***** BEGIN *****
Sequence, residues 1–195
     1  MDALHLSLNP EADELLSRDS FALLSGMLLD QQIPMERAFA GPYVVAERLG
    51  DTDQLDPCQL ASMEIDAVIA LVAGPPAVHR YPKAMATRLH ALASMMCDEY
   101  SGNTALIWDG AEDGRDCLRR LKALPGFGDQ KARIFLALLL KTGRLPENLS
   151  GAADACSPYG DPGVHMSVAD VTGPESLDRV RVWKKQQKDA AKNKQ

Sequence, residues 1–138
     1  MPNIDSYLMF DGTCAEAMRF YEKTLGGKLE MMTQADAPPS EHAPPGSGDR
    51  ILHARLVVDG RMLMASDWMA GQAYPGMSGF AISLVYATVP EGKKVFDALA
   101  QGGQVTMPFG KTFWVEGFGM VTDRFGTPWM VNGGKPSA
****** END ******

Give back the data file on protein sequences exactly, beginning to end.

Sequence, residues 1–195
     1  MDALHLSLNP EADELLSRDS FALLSGMLLD QQIPMERAFA GPYVVAERLG
    51  DTDQLDPCQL ASMEIDAVIA LVAGPPAVHR YPKAMATRLH ALASMMCDEY
   101  SGNTALIWDG AEDGRDCLRR LKALPGFGDQ KARIFLALLL KTGRLPENLS
   151  GAADACSPYG DPGVHMSVAD VTGPESLDRV RVWKKQQKDA AKNKQ

Sequence, residues 1–138
     1  MPNIDSYLMF DGTCAEAMRF YEKTLGGKLE MMTQADAPPS EHAPPGSGDR
    51  ILHARLVVDG RMLMASDWMA GQAYPGMSGF AISLVYATVP EGKKVFDALA
   101  QGGQVTMPFG KTFWVEGFGM VTDRFGTPWM VNGGKPSA